In a series of tweets, he offered his rationale:
“A political message earns reach when people decide to follow an account or retweet. Paying for reach removes that decision, forcing highly optimized and targeted political messages on people. We believe this decision should not be compromised by money. While internet advertising is incredibly powerful and very effective for commercial advertisers, that power brings significant risks to politics, where it can be used to influence votes to affect the lives of millions.”
Twitter and other social media firms, including Facebook, have been under fire after the 2016 US presidential election in which state-sponsored actors are said to have used social platforms to spread misinformation with the aim of influencing election outcomes. Today, hardly a week goes by in which social platforms aren’t announcing actions taken to thwart ongoing misinformation campaigns.
Last week, for example, Facebook announced that it had removed three Russian-backed “influence networks” that were targeting individuals in a number of African countries.
But despite the intense scrutiny Twitter and Facebook are under, neither was willing to give up ad dollars. Until now.
On October 23, Facebook CEO Mark Zuckerberg appeared before Congress and his appearance produced an exchange about political advertising that won’t be remembered as the best moment for the most powerful executive in social media. When pressed by Congresswoman Alexandria Ocasio-Cortez, Zuckerberg struggled to coherently defend his company’s position on political ads, which is effectively anything goes.
Not surprisingly, Facebook’s hands-off policy vis-à-vis political ads isn’t sitting well with politicians and pundits, and Twitter’s Dorsey seems to have seized the moment to take the kind of moral stand Facebook won’t, suggesting that it would be hypocritical for his company to allow advertisers to pay it to do what it doesn’t allow non-advertisers to do.
For instance, it‘s not credible for us to say: “We’re working hard to stop people from gaming our systems to spread misleading info, buuut if someone pays us to target and force people to see their political ad…well…they can say whatever they want! ????”
— jack⚡️ (@jack) October 30, 2019
Unintended consequences ahead?
Twitter’s ban will obviously affect the digital ad economy as it gears up for the 2020 US presidential election. Political ad budgets will shift, and the big winner is likely to be Facebook, at least dollar wise.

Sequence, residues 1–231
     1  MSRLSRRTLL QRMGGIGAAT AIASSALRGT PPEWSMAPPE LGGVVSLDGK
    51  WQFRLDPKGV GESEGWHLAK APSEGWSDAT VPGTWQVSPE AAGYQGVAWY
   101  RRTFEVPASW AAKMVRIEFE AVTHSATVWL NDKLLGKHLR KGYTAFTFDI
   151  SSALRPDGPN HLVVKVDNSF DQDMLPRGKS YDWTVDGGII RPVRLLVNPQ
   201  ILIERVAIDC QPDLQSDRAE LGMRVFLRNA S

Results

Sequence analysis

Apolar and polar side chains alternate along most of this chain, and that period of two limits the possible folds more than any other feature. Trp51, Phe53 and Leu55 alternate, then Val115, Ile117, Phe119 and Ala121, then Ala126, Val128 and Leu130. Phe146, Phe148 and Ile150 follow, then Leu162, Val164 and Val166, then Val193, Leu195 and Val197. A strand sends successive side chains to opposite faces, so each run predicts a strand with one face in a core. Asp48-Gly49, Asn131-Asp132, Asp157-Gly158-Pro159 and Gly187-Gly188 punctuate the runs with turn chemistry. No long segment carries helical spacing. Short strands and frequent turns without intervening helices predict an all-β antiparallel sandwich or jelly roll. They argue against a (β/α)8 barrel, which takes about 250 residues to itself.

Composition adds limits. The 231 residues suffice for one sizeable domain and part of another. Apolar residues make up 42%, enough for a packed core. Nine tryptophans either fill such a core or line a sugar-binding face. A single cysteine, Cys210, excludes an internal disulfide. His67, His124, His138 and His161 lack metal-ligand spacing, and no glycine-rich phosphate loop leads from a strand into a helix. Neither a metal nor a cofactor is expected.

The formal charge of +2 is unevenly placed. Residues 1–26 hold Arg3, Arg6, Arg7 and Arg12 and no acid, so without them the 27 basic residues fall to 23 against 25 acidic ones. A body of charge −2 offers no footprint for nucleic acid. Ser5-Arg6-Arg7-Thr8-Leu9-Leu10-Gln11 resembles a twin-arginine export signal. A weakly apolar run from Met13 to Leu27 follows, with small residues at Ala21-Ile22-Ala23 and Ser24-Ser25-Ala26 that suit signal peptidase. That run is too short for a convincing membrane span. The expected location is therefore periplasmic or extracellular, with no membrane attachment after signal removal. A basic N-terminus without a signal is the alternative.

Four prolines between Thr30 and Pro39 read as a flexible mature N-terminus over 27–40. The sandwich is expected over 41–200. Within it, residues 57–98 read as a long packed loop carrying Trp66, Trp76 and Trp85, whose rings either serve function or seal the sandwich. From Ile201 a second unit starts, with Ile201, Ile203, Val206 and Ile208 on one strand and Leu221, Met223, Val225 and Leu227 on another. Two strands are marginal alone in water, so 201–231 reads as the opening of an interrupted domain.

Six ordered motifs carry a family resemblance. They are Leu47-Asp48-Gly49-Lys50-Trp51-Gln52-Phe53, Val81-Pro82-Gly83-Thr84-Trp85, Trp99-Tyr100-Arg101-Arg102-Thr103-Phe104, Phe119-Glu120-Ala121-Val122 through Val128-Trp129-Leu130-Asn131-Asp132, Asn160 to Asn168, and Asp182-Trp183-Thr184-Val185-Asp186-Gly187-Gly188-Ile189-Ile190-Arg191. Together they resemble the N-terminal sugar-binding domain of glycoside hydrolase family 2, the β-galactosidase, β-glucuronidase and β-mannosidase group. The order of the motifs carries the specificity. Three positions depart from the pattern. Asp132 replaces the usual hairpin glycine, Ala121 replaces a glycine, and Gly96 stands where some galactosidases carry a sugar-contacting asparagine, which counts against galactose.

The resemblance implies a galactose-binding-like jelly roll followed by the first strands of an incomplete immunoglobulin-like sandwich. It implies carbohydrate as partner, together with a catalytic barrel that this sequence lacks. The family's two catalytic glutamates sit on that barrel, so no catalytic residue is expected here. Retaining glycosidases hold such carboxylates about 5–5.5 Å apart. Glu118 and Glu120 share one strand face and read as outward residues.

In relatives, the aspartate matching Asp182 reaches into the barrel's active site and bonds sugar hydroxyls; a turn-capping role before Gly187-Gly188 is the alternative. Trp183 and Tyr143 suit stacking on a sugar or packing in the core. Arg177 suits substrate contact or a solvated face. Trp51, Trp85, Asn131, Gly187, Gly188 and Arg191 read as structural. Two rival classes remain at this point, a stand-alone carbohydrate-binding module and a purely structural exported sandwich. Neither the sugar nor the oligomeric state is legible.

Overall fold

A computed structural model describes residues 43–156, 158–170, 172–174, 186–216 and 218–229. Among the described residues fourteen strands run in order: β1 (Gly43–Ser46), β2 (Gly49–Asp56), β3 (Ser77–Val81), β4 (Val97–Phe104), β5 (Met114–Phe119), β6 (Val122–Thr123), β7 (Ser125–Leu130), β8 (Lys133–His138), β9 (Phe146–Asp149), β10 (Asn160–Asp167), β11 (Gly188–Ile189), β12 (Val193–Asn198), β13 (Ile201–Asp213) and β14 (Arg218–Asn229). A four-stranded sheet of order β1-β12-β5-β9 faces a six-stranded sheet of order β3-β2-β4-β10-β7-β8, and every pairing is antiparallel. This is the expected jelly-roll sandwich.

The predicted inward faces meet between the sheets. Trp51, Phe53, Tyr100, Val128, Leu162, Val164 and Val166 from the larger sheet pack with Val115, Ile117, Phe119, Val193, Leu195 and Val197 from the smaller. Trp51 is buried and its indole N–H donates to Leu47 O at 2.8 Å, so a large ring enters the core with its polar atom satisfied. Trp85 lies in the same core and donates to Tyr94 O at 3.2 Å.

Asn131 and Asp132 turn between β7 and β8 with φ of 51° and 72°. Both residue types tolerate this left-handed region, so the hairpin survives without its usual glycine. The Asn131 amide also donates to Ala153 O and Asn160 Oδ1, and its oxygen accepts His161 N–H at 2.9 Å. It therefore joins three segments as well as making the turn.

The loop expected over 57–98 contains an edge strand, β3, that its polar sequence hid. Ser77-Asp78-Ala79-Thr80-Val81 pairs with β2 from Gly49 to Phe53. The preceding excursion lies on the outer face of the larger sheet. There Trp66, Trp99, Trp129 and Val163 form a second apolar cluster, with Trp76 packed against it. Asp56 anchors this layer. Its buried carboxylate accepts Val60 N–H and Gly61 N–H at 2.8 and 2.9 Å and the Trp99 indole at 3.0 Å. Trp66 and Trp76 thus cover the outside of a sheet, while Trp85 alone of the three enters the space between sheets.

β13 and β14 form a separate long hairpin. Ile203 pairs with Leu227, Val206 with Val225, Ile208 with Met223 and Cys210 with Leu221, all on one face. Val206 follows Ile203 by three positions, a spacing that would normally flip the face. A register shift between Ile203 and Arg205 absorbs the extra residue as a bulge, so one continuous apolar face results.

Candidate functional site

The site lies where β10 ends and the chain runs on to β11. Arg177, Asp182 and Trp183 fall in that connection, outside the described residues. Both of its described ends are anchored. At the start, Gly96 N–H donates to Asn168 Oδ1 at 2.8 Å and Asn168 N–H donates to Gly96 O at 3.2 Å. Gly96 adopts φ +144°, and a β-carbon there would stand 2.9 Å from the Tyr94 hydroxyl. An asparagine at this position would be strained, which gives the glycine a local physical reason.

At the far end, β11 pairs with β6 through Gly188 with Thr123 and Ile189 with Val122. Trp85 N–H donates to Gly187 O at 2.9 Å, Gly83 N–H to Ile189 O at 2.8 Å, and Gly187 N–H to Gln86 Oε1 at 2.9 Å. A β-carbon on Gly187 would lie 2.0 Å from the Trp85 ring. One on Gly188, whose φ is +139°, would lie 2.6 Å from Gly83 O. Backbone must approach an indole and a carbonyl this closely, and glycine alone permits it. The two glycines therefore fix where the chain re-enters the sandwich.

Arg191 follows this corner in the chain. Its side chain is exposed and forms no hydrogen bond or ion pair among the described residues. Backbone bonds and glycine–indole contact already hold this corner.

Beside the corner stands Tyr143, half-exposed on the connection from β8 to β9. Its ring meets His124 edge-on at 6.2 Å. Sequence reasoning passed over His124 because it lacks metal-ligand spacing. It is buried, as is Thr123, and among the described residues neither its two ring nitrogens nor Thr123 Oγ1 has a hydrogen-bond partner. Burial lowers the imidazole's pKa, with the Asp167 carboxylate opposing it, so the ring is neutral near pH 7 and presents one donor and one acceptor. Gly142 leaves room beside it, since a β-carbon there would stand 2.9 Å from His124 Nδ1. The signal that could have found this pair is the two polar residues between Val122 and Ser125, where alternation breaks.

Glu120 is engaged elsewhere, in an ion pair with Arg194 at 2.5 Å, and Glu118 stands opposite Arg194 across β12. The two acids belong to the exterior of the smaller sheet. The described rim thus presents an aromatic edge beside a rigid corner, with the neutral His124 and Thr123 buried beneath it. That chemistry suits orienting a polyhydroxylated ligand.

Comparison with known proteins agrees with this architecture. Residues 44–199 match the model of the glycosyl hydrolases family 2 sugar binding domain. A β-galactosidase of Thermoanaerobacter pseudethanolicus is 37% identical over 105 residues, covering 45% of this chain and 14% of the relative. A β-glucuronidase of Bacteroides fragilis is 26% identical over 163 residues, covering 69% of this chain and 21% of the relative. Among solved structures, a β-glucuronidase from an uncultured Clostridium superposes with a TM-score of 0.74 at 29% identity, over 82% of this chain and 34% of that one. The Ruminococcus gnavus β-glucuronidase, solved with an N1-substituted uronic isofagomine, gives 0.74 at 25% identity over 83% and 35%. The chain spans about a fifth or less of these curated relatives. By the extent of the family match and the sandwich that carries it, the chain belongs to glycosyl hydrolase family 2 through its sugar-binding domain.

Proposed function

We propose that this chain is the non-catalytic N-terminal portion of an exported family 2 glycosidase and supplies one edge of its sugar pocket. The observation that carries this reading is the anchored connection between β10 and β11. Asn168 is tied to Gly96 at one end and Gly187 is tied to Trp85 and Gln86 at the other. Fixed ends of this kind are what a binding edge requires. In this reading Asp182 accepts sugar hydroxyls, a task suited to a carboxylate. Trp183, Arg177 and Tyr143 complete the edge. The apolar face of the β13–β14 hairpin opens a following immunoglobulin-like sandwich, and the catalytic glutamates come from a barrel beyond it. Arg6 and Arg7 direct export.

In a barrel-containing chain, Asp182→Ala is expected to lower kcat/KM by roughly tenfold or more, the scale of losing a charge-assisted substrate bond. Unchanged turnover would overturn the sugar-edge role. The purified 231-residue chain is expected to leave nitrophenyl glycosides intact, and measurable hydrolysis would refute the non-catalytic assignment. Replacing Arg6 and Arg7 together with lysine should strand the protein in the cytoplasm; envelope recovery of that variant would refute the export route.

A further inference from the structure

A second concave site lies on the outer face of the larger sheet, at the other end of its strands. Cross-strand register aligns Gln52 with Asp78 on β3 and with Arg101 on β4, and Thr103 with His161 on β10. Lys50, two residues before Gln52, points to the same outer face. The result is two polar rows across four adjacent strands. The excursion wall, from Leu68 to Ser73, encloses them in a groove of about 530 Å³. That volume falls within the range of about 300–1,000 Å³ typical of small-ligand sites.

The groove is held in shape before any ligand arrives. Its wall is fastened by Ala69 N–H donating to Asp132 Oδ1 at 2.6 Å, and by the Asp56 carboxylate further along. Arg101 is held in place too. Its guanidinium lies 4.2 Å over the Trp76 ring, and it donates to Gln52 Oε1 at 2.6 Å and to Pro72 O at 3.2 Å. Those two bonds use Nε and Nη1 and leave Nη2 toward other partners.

This said, it’s not clear how many dollars are up for grabs. Twitter doesn’t normally break out its ad revenue from political advertisers, although it has revealed that just $3m of its $824m in Q3 2018 revenue came from political ad spend. That quarter covered the 2018 US midterm election. For its part, Facebook estimates that ad spend from politicians will account for less than 0.5% of its revenue in 2020.
But these seemingly small figures don’t necessarily account for all politically-related ad spend across the globe, or the likely growth of political ad spend directed to the internet, so it’s not wise to assume that the amounts at stake are immaterial.
Beyond the direct effects on political advertisers, Twitter’s political ad ban creates the potential for significant collateral damage.
First, while Dorsey’s political reach should be earned position might sound good, high-profile political candidates, including incumbents, tend to hog the spotlight in other channels, digital and traditional, paid and earned. This gives them a significant advantage when it comes to earning reach on social platforms.
For challenger candidates, earning reach without the backing of at least some ad spend is likely to be unrealistic.
Less prominent political candidates won’t be the only losers in Twitter’s ad ban. While the company’s final policy won’t be issued until November 15, in his tweets, Dorsey stated that the ban will extend to issue ads. “We considered stopping only candidate ads, but issue ads present a way to circumvent,” he explained. “Additionally, it isn’t fair for everyone but candidates to buy ads for issues they want to push. So we’re stopping these too.”
This statement seems to suggest that non-profits involved with issues ranging from environmental protection to healthcare could be shut out from Twitter advertising, which raises serious questions about the ban’s effects. After all, big, important issues tend to become political in some way today, so it’s not clear how Twitter will restrict issue ads without blocking ads related to any hot-button topic that large numbers of people care about.
With this in mind, it’s worth considering that the ban on issue ads could even affect brands, a growing number of which are taking stands on big issues as part of their corporate social responsibility (CSR) efforts.
Time will tell whether Twitter’s ban is as wise as it seems to be well-intentioned, but one thing appears certain: life is only going to get more complicated for many advertisers as pressure mounts on the world’s biggest digital platforms.